A waiter lost his job after telling the Michigan restaurant he tested positive for the coronavirus, a lawsuit says.

Nicolas Prada, who also worked as an assistant manager, accuses the owner of Tomukun Noodle Bar in Ann Arbor of firing him after he disclosed the positive test for COVID-19, according to a federal lawsuit filed Friday. The restaurant also declined to pay the employee sick leave as required under laws during the pandemic, the lawsuit says.

The restaurant owner did not respond to a request for comment by McClatchy News. He declined to comment for a story about the lawsuit by The Detroit News.

Prada became ill in late June and called in sick to work, the lawsuit says. He tested positive for COVID-19 several days later.

In a Facebook post on July 1, the restaurant announced an employee tested positive for the coronavirus. The restaurant said it was closing temporarily to allow workers to test for COVID-19 and quarantine.

About two weeks after his diagnosis, Prada received notice from the local health department he was free to end quarantine, the lawsuit says. But when Prada texted his manager that he could return to work, he got an unexpected response.

The owner is accused of “interrogating” Prada about where he contracted COVID-19 and his social life, saying evidence on social media showed him in a crowd, the lawsuit says.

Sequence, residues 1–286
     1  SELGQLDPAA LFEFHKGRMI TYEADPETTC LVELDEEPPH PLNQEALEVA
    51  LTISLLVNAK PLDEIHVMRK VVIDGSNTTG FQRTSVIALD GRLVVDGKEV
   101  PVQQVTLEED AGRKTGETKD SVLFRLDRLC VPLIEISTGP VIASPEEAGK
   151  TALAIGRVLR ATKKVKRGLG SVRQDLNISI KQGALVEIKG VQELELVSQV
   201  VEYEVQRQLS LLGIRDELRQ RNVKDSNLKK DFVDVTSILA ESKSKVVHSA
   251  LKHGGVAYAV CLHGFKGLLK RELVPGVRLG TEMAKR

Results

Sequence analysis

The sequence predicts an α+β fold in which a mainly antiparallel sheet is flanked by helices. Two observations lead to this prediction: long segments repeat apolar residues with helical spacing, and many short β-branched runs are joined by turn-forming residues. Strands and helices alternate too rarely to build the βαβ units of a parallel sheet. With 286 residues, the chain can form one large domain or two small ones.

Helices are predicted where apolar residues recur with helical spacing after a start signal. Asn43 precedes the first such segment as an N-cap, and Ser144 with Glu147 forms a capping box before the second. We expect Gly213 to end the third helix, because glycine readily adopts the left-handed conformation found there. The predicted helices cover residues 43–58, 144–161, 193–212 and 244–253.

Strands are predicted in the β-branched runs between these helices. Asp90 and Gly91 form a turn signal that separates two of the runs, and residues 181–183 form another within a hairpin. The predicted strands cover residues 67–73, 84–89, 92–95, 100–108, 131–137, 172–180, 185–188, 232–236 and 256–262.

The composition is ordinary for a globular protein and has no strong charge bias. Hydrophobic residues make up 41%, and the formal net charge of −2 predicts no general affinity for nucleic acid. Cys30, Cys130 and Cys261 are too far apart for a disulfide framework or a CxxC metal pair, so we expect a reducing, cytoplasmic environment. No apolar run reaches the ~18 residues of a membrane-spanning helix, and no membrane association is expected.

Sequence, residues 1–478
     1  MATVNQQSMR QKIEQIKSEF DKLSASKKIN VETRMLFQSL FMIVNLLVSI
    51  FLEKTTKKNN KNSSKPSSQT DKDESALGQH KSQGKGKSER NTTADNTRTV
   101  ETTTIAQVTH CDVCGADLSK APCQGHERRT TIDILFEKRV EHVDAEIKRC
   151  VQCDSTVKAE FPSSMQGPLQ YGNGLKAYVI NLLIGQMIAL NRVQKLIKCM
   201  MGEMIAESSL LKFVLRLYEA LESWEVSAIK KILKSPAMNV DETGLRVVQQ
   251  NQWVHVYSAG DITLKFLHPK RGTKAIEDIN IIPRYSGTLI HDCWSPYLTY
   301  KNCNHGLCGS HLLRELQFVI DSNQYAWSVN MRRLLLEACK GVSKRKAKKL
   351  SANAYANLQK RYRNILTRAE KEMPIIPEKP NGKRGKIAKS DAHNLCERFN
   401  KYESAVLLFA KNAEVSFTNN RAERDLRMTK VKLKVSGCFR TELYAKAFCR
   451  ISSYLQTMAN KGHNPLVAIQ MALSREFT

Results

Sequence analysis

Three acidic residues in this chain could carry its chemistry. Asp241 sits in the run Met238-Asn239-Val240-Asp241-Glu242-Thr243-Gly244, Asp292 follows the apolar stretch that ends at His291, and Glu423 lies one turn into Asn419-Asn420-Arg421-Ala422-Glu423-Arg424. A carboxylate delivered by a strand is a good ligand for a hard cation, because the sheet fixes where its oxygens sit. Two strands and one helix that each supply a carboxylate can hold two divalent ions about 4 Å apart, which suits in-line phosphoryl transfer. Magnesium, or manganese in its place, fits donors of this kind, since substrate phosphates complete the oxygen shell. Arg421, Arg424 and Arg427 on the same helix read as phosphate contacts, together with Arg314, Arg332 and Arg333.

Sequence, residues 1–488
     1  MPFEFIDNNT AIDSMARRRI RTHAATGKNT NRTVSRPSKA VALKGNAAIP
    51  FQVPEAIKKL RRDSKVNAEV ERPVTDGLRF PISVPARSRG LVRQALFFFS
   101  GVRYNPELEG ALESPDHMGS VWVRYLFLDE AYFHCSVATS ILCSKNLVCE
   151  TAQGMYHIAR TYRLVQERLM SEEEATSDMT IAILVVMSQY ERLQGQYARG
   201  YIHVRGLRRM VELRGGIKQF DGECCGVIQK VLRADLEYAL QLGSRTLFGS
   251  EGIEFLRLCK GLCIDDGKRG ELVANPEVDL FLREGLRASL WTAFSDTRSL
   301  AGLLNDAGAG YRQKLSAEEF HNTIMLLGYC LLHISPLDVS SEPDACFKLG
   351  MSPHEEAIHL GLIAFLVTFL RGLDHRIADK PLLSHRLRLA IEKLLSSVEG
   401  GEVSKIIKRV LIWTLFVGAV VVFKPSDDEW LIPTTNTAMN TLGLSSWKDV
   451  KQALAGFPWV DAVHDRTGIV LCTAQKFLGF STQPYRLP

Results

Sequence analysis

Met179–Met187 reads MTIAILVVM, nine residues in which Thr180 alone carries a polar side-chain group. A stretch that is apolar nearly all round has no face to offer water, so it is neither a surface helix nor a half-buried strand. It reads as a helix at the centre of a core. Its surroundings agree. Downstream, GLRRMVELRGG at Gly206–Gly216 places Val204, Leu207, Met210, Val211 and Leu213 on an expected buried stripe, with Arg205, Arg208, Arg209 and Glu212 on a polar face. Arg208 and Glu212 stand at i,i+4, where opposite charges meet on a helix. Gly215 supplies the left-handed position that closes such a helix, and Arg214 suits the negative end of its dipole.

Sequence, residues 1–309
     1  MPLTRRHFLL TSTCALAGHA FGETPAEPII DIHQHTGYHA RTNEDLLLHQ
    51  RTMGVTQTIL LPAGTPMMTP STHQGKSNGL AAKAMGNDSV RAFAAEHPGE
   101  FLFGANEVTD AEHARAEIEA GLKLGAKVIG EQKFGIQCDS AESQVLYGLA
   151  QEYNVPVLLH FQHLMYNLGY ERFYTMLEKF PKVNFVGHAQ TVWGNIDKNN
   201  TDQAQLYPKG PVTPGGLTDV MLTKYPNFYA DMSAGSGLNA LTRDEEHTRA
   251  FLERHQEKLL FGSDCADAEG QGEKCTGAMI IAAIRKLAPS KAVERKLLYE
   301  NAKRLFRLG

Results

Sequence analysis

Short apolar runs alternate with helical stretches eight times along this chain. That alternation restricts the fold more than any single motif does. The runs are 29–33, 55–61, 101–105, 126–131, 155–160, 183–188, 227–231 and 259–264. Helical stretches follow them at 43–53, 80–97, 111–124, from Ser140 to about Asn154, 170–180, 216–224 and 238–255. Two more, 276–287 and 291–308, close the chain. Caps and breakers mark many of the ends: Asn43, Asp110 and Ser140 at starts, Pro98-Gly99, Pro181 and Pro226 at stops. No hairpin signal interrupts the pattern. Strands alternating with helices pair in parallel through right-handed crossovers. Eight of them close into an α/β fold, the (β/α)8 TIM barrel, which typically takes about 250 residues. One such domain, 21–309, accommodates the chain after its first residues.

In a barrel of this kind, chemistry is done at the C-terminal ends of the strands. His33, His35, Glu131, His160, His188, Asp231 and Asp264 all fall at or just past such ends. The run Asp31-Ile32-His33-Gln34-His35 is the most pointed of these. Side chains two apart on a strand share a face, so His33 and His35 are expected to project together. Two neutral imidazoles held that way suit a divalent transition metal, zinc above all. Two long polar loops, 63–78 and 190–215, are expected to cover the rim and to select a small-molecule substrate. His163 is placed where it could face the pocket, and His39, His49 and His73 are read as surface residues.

“For PR reasons it would be best for you not to come back to work,” the owner told Prada, according to the lawsuit.

An executive order by Michigan Gov. Gretchen Whitmer says employers aren’t allowed to “discharge, discipline, or otherwise retaliate against an employee for staying home when he or she is at particular risk of infecting others with COVID-19.”

The lawsuit also accuses the restaurant of violating the Families First Coronavirus Response Act, which provides up to 80 hours of paid sick time to employees with COVID-19, by not paying Prada for work he missed while quarantining.

“My client Nicolas had worked for the restaurant for over two years and was simply trying to stay afloat during the pandemic like so many other struggling people at the time he was let go,” Prada’s attorney, Noah Hurwitz, told The Detroit News. “He thought he did everything right by notifying the restaurant and staying home until the Health Department approved his return.”

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